The original photograph of the man was probably a platinotype - a kind of photograph available in the 1880s that used platinum as an ingredient in the emulsion. Platinum can cause chemical changes in paper with which it is in contact. In this case the image of the young man was burned into the back of the mat of the Heywood portrait as the two photographs lay in contact with each other for many years.
This was an exciting discovery but it raised a question about the identity of the young man. John noticed immediately that the man was a silk screener by his muscular arms and the squeegee he is gripping in his hands. By coincidence, John had worked at this profession for over a decade.
Back to the Heywoods...
Figure 6: Residual image of young man
Figure 7: Portrait of John Hodder
As John researched further, he discovered that Catherine Heywood married John H. Hodder. He found a portrait and a biographical sketch of John Hodder on p. 433 of Biographical and historical record of Kane County, Illinois. And guess what John Hodder did for a living? He was a silk screener!
It is possible to compare the photograph of a known person with one of someone who is unidentified and rule out that they are the same person if they do not resemble each other. However, it is not possible to say with a 100% certainty that they are the same person even if they look very much alike. The unknown person could be a close relative or even someone who is completely unrelated. The best that can be said in comparing two similar photographs is to state that "to a high degree of certainty" they are the same person.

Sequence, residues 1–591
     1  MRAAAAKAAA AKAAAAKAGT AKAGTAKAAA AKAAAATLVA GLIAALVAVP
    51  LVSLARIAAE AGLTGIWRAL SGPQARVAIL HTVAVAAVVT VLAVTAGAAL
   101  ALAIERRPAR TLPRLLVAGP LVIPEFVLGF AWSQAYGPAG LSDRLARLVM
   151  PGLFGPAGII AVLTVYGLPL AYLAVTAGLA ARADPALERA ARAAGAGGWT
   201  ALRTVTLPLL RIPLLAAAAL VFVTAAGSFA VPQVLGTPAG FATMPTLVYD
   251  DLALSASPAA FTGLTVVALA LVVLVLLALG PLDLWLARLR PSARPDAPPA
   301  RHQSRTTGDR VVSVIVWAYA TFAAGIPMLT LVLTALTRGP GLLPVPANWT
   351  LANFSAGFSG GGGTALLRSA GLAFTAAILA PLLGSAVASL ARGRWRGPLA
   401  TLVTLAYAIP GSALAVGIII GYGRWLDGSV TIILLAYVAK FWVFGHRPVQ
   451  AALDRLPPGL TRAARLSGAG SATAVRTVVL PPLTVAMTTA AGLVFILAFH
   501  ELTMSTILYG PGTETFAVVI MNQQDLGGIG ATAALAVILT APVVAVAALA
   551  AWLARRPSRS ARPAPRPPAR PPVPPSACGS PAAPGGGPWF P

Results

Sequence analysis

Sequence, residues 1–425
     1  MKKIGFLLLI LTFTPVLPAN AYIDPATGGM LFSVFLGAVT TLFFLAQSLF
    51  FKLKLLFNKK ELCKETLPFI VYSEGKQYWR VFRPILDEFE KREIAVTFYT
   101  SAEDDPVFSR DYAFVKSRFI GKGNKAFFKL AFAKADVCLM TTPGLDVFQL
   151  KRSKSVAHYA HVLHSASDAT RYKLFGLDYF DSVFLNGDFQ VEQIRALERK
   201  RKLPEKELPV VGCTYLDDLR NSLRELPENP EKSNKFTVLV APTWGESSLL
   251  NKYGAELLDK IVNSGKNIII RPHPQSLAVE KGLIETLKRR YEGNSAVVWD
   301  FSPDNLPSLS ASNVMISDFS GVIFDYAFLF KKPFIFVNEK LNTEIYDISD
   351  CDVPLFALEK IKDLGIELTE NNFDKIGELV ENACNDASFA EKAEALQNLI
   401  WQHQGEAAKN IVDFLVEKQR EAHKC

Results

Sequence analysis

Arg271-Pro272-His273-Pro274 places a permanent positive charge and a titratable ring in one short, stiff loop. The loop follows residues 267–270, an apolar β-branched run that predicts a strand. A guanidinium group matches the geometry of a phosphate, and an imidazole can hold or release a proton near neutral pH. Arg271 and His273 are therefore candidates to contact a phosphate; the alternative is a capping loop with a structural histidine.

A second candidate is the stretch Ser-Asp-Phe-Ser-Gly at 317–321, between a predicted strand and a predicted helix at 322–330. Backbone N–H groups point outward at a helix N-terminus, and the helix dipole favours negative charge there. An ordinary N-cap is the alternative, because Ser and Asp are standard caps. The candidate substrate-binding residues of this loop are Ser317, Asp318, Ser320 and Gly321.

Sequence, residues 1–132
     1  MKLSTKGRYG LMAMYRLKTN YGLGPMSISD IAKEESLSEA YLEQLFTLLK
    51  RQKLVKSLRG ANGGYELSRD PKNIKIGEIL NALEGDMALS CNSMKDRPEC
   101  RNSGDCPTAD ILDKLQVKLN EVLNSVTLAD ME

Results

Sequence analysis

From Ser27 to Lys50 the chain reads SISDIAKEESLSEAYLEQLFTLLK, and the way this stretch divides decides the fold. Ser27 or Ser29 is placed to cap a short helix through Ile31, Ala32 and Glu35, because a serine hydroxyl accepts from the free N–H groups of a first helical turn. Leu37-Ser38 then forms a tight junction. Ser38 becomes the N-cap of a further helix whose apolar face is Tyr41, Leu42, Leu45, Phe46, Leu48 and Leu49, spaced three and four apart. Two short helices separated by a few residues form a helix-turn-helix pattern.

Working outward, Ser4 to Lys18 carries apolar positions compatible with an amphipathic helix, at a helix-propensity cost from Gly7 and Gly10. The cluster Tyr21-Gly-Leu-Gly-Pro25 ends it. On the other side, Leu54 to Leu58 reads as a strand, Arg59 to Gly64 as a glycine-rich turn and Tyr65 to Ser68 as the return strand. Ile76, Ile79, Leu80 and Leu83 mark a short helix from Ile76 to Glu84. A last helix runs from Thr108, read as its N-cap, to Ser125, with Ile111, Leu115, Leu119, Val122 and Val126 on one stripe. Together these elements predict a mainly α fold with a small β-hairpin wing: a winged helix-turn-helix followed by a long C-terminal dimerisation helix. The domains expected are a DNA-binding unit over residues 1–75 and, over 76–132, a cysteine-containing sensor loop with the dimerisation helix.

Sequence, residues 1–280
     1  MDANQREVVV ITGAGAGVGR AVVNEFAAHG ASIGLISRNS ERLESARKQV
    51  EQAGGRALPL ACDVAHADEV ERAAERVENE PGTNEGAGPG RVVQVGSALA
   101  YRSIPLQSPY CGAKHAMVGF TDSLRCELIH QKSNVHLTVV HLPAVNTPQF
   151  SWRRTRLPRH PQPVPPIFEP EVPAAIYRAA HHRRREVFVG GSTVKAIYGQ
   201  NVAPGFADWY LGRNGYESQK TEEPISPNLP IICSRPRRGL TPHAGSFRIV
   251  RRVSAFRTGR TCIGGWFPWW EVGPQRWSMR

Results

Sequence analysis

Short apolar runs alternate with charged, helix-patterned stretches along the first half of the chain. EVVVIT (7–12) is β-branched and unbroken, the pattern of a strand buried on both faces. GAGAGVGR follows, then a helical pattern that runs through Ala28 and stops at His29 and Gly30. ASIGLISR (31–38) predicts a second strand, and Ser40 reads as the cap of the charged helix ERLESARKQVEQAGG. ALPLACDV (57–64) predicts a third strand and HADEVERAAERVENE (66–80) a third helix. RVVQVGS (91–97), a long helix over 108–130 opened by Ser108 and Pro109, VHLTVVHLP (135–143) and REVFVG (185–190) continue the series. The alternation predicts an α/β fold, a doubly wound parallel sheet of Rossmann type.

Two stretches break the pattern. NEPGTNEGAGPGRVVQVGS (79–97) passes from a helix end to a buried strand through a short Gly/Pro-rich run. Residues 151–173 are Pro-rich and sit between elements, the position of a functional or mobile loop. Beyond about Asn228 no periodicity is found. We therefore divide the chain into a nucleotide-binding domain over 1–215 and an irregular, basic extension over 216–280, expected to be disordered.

There are noticeable similarities between the photo of the younger man and that of John. They have the same hairline and similar brow ridges. These two features are important in comparing people because the features usually do not change much during a person's lifetime. Even if a man loses his hair as he ages, his hairline will usually retain some of its original shape. Note that the two men also sport thick moustaches.
In this case, there is additional information that increases the chance that the residual image is that of young John Hodder. Both men were silkscreeners, and the image of the younger man was discovered on the back of a portrait including Catherine Heywood, the wife of John Hodder, indicating that the two photographs had been stored together for a long period of time, and that they probably came from the same estate sale. I think it's fair to say that "to a high degree of certainty", the transferred image is that of John H. Hodder as a younger man.
If you are surprised that a photograph can be analyzed by its fluorescence, its shape, and by what appears on the back, just imagine what you could learn by studying the image!